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World renowned poet demonstrates the power of language

01 April 2014 @TeesUniNews

 

An international poet whose award-winning book baffles and bemuses in equal measure has visited Teesside University to share his unique writing style with staff and students.

Experimental Canadian poet Christian Bok has been performing all over the world for more than 20 years.

His 2001 book Eunoia, which won the Canadian Griffin Poetry Prize and took seven years to write, uses only one vowel in each of its five chapters to demonstrate the diversity of the English language and to prove that each vowel has its own personality.

Christian visited Teesside University as part of an international conference to celebrate the work of French author Georges Perec, whose most celebrated novel was written entirely without the letter ‘e’.

Species of Spaces: Transdisciplinary Approaches to the Work of Georges Perec took place on 28 March and brought together artists, writers, performers and researchers.

Christian worked with fellow poet Hannah Silva to put together a special spoken word performance for his first visit to Teesside University.

He said: 'For me Georges Perec is one of the most significant writers of all time and Eunoia was my way of responding to his challenge. To write in that way was so much harder than I had anticipated. I had to read the dictionary five times, but it did give me a new found appreciation of the English language.

'It was a great privilege to be invited to Teesside University to share some of my work with fellow creative people who have the same passion for the written word.'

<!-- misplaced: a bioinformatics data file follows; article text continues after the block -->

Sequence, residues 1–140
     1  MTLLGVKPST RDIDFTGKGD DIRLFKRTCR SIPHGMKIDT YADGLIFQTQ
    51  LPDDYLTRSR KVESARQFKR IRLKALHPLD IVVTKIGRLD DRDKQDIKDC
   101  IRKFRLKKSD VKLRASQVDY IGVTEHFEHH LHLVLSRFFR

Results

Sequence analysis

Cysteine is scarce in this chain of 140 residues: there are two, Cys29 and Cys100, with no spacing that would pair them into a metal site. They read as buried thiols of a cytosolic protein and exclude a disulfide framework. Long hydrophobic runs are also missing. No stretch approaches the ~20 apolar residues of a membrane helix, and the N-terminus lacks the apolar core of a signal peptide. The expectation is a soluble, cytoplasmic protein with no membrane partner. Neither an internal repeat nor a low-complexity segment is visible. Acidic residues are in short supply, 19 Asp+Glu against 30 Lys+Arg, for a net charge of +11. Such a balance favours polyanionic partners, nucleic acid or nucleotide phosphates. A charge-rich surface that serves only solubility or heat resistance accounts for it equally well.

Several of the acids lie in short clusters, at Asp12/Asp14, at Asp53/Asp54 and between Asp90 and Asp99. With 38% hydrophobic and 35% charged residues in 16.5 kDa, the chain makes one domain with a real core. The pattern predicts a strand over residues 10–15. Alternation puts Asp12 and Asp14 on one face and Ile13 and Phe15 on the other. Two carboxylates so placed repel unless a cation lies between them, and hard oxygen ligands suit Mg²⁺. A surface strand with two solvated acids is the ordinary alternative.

Christian’s current project, The Xenotext, is also nearing conclusion after 12 years of work. The project involves the injection of poetry into a bacteria so that the poem becomes a living organism in its own right.

'The idea is that when we have all gone, the poetry will be able to live on,' explained Christian.

Hannah, who began writing poetry eight years ago, said: 'It was a wonderful experience to be invited to Teesside University and work with somebody like Christian – he is an inspiration. It’s important that students, writers and researchers can experience the many different variations of the English language.'

Simon Morris, a Reader in the School of Arts & Media at Teesside University, said: 'Christian Bok is one of the world’s greatest poets. To have him here at Teesside University was extraordinary.'


In the News

Top poet shares his style at university
NorthernEcho.co.uk [online] 08/04/14; The Northern Echo, 08/04/14, P.57
An international poet whose award-winning book baffles and bemuses in equal measure has visited Teesside University to share his unique writing style with staff and students.